Nice review of biker wave etiquette but as a life-long biker (In the 60's I owned a Cushman Model 52, made in Lincoln, Nebraska in 1946. I had it in college because first year students in this Gulag were not permitted cars. Bought it off Pig Ryan in MV for $100. Had to fix just about everything. Parts were easy to get since the main factory was in Lincoln. Current price for same scooter on "For Sale" page of Cushman Club of America is $7000. So I know my bikes and waves. I also owned a Kawasaki, also had a factory in Lincoln, and this was my first real bike.
Your essay was excellent but must be amended. At big time rallies like Sturgis or Bike Week down here in Daytona, waving is a clear sign you are a rube. Maybe a first-timer, maybe hauled your bike to Daytona from Nebraska City in your horse trailer and wave at every one of the 3/4 million bikers who descend upon this year- around biker Mecca. If you haul your bike to Sturgis or Daytona you don't admit it. The super cool bikers just do not wave at these big rallies and if you do you get the stinkeye, as if you are a pissant and unworthy of any recognition.
Your inventory of biker waves was spot on except for one notable omission--The Wingers, that is, that species (probably also own a Hummer I) who purchase Honda Gold Wing bikes, usually blood red or puke yellow. These behemoths are the Caddy Escalades of the biker world. Wingers are a unique mutants, those who want every sort of gadget and accessory known to the modern world attached to that bike. Example: Goldwings have butt warmers, small fans to cool you while you ride, Honda suits that plug into various electrical comfort power stations that warm the body if you ride in cool weather, and side vents that keep the legs warm in cold weather. Wingers have two sizes to choose from: Regular and OMG. Honda dealers would have to close up shop if they depended just on Regular sales. Industry research reveals that the average Winger is 100 pounds above the average--each rider. Oh, yes, about waving: Wingers in the "Command Seat" don't wave; the rider (almost always female) in the secondary seat does the waving and its accomplished thusly: Wife or girl friend extends arm to 12 o'clock position and opens hand to display all fingers and she shakes arm and hands like she hadn't seen you since junior prom.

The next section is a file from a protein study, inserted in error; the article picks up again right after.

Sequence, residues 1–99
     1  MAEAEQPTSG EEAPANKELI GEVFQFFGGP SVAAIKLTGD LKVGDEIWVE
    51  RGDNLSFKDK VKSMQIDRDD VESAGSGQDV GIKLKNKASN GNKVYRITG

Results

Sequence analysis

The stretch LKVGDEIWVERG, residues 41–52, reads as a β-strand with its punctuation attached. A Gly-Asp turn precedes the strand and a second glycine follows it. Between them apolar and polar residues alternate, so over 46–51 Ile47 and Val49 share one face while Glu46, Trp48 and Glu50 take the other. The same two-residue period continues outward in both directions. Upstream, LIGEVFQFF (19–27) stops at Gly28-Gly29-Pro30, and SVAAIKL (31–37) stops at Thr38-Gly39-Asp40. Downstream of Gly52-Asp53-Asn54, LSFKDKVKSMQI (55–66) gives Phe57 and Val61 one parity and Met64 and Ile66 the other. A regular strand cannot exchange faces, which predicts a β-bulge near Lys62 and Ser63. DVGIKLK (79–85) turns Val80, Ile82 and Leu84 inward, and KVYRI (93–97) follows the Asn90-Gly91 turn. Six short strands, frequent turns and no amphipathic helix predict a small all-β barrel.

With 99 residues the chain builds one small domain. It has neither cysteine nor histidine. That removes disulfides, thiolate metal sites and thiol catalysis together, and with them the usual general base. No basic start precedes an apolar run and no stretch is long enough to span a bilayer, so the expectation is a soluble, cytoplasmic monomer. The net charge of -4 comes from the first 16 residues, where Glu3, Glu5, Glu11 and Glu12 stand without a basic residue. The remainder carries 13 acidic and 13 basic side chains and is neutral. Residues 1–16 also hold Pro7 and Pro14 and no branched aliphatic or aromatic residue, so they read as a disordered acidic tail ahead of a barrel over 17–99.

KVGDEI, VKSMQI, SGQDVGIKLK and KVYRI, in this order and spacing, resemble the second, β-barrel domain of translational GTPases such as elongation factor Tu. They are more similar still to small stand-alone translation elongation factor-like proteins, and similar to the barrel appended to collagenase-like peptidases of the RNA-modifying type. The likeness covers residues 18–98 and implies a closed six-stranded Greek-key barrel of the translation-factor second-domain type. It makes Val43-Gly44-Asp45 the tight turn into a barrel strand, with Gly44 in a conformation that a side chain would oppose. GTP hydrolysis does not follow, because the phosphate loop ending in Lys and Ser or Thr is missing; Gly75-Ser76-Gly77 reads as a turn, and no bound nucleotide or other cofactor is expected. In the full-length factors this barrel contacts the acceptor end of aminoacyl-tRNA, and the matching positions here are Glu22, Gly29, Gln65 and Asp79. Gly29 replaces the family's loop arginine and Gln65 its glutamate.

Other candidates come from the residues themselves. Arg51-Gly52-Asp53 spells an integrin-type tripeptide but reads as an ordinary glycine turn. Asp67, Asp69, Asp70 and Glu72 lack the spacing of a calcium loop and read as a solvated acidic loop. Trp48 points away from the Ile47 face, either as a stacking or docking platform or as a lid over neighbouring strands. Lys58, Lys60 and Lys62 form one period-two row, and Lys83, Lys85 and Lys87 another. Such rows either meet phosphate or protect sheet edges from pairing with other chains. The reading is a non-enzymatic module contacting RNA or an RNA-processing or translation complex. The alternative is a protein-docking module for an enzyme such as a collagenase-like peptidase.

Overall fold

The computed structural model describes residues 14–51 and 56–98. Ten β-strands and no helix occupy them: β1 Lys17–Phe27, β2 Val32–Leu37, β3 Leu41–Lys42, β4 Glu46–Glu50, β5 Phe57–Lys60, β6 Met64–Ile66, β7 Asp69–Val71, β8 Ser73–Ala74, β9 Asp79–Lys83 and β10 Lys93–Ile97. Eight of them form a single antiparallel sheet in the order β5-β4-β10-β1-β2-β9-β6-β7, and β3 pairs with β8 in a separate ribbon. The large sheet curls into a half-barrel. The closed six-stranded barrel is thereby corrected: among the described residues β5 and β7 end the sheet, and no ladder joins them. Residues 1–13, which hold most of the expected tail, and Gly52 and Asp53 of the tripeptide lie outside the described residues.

Wingers even have a motto. Most real bikers' have a tattoo or belt that says "Ride to live; live to ride." Now Wingers, dressed in matching suits and helmets and little ear phones and mics so they can talk to each other and discuss where they will stop for lunch, are firmly committed to the mantra: "Ride to eat; eat to ride."
Bud, as always your essay was informative and also fun to read; and you opened up to the neophyte one of the rituals of the cabala to educate those who misunderstand that even regular Joes like you and me can be bikers and not sell illegal pharmaceuticals or participate in gang wars. Two artist/teachers enjoying ourselves on alternative vehicular transportion. Loved what I thought was a self-portrait you included. I see your taste in books runs pretty much along my own areas of interest. Phil Smith

9:36 AM  
Blogger Bud Cassiday said...

thanks Phil. you filled in some areas I wasn't aware of. and made me laugh at the same time. My Honda Rebel has a speedometer and three little lights --- that's it. blue for the high beam, blinking yellow for the turn signals, and green for neutral. Regards, Bud

7:11 PM